• Coding can be an isolating exercise that affects the mental health of coders everywhere. Being able to work in teams can make it more of a social process
  • Faster learning curve. Instead of Google searching or going to books when problems arise, pairing can often manifest a very unique relationship where knowledge is ascertained, and shared, to complement one another's skillsets.
  • Even if paired programming is not adopted at the organizational level, some type of communication technique like this should be considered amongst employees. It shows how even if employees are uncomfortable with sharing their knowledge or perhaps facilitating new dialogues, these processes embody learning and growth that everyone can benefit from.

Communications and keeping up with the news beat

While remote pairing is an activity that is deeply internal to co-workers and their relationships with others, there also needs to be a wider Communications role that is external to help with continuous learning.  

This might look like one or two employees taking turns reporting on industry headlines, news, or current events, and sharing it in a bi-weekly newsletter. When a company is experiencing growth, it can be an exciting and energetic time, but employees still need to follow the news beat of what their competitors are doing, and if someone makes a discovery, they’ll want to share it at an organization wide level so that others can latch onto this information as well.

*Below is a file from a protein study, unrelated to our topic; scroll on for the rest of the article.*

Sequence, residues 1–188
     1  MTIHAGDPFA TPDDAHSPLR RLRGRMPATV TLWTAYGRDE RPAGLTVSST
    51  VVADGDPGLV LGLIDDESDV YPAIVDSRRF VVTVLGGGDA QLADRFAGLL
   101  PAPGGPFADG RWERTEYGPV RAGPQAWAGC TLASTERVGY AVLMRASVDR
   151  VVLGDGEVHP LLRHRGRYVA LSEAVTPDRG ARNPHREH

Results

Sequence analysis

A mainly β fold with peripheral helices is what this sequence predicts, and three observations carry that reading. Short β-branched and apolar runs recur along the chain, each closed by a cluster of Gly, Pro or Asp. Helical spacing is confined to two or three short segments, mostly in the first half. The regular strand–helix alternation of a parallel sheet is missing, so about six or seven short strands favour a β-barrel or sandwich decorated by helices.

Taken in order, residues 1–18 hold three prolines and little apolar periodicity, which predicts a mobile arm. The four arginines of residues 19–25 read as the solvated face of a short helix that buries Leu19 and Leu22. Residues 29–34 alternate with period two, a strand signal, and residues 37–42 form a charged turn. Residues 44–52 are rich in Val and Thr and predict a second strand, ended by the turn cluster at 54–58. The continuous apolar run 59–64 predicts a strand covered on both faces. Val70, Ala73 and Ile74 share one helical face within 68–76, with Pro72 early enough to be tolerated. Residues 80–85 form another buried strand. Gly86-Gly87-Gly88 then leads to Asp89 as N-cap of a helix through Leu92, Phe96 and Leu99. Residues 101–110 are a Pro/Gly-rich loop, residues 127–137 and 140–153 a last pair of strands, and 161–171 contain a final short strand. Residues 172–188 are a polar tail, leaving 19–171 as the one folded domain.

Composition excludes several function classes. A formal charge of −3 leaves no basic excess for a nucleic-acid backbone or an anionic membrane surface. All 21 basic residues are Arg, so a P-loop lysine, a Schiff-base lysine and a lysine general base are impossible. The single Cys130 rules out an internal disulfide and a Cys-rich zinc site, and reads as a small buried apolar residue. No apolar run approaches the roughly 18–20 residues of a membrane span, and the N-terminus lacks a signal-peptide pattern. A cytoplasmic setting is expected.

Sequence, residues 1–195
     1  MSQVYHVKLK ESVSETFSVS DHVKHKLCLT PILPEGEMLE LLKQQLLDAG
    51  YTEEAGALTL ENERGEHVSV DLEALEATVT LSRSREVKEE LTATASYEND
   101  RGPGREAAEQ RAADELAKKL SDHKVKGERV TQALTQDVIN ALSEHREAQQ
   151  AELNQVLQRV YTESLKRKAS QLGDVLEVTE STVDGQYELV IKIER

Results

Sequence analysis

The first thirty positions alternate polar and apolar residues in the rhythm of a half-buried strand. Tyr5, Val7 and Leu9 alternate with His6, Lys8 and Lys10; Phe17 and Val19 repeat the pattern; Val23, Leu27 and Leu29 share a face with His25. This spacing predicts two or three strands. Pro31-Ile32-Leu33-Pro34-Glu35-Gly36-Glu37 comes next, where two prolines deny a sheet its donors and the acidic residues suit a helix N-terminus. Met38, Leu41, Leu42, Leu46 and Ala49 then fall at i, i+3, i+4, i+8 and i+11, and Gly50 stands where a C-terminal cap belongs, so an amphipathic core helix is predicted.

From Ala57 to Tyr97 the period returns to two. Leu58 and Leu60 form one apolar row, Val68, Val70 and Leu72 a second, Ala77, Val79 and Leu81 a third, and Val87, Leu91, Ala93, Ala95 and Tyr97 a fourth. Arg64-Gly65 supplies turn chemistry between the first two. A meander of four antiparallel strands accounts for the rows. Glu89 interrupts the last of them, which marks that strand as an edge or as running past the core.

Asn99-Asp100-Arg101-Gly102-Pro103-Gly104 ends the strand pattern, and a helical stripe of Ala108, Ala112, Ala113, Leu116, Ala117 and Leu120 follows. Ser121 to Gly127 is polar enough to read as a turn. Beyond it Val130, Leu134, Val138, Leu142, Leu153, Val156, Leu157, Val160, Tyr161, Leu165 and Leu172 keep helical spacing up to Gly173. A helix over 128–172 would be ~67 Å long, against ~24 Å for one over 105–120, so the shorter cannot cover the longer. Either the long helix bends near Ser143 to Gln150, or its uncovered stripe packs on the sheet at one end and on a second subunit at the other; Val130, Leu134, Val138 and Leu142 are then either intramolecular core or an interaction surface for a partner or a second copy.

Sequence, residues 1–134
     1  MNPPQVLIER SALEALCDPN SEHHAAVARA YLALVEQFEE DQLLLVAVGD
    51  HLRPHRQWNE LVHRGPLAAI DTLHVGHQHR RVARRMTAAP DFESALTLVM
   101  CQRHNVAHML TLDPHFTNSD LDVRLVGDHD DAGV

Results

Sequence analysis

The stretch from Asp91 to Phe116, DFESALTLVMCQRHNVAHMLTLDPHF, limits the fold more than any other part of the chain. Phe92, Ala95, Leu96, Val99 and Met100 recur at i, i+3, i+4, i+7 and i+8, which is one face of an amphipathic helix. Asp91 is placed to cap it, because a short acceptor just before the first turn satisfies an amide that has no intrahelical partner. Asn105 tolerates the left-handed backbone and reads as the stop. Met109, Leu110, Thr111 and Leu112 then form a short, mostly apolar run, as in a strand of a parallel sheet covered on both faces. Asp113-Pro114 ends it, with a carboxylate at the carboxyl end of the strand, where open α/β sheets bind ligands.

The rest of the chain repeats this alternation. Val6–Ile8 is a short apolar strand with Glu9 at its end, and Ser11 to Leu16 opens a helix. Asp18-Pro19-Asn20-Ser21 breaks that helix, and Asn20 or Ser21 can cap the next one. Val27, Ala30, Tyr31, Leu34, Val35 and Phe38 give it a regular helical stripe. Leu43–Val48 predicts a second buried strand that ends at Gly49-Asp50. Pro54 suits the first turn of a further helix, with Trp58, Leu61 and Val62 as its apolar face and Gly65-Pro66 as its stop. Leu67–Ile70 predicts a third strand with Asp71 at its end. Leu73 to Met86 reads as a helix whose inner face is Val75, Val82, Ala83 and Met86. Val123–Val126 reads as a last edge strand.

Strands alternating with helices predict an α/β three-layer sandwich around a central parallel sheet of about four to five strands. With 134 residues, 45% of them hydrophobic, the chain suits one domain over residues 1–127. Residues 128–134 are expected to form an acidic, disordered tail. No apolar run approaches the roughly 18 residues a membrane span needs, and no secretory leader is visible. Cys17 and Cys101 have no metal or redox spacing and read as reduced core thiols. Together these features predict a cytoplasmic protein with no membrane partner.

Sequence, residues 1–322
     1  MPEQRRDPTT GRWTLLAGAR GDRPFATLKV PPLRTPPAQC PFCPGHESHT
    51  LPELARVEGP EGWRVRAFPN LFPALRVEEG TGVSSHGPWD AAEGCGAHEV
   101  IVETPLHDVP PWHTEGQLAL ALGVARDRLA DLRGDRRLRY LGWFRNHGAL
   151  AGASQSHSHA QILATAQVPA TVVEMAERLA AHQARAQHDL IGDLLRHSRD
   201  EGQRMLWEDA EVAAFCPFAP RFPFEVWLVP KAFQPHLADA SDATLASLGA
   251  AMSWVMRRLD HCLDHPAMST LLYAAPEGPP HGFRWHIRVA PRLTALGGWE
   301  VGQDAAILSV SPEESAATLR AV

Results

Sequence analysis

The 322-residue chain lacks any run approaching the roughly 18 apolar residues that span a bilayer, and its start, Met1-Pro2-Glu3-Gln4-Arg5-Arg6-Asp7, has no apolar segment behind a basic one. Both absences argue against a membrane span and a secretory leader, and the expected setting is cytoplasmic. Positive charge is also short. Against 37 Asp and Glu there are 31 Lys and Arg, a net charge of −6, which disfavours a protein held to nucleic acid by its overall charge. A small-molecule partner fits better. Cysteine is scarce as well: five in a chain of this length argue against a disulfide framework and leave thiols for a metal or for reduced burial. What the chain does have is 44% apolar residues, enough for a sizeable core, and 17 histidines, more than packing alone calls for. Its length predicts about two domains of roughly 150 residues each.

Mediums like newsletters allow this to happen and prevent knowledge from being stored to knowledge being disseminated more timely and when it’s needed most. Oftentimes, no matter the sector, employees might read a headline that they think is important at that moment, but might fail to realize the information they just learned could benefit others or simply become consumed with other tasks and miss potential sharing and thus learning opportunities.

Continuous Learning
Remote Pairing
About the author
Michael Robbins -Writer
Michael is a writer that helps organizations align their mission and values to a wide audience.

Related Articles